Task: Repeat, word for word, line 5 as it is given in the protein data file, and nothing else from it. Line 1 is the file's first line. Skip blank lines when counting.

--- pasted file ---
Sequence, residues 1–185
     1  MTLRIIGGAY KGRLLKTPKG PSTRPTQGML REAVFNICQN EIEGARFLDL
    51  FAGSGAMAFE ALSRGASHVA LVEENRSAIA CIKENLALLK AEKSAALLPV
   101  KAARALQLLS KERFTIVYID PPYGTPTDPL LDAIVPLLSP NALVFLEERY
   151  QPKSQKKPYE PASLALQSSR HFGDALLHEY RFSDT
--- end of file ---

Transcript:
   151  QPKSQKKPYE PASLALQSSR HFGDALLHEY RFSDT